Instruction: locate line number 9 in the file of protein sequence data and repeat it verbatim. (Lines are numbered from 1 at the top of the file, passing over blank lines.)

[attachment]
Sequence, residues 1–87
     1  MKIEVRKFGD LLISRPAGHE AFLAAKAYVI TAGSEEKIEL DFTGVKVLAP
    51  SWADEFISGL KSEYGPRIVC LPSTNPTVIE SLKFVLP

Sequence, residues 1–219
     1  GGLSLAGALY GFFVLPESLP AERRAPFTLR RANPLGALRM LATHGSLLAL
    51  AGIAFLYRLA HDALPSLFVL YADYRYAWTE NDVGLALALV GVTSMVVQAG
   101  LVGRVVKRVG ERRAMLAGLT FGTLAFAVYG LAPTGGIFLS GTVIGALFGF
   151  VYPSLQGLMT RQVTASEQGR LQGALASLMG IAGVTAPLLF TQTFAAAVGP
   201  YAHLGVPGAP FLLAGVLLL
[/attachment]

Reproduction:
   201  YAHLGVPGAP FLLAGVLLL